Saturday, April 25, 2015

Governor, can you spare a drachma?

The birthplace of democracy hasn't run out of ideas (just other people's money);
Greece's governors and other local officials agreed on Saturday to lend cash to the near-bankrupt central government after Prime Minister Alexis Tsipras assured them the measure would last for only a short period of time.
Greek lawmakers approved a decree late on Friday to force state entities to lend cash to the central government in spite of protests by municipalities and labour unions.
That should be less painful for the Grecians' earnings. Don't take it out of this pocket...take it out of that one! Though some aren't fooled by the shell game;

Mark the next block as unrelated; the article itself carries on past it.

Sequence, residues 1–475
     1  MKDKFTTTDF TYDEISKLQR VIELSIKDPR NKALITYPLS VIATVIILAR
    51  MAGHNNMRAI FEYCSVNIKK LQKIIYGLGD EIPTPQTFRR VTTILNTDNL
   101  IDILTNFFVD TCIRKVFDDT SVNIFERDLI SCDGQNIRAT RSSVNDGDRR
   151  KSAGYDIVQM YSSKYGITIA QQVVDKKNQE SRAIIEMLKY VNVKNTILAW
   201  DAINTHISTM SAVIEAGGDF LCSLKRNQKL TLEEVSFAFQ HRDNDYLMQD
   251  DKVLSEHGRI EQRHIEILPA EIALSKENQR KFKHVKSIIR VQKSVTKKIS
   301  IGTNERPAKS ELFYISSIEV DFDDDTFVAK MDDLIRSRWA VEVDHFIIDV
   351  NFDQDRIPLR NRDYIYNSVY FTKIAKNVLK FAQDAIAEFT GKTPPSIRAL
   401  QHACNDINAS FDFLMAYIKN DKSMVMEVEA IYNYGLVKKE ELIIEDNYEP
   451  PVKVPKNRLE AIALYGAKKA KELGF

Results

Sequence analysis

"The state is committed to paying salaries and pensions," the government's parliamentary speaker, Nikos Filis, told lawmakers, defending the legislation. "The money will be earning better interest rates (than what banks pay)."
In a symbolic protest, municipal workers walked off the job for three hours on Friday. Some local government officials have threatened to defy the orders, while others have said they need more information before contributing to central government coffers.
While they investigate how their pensions and wages are going to be paid.

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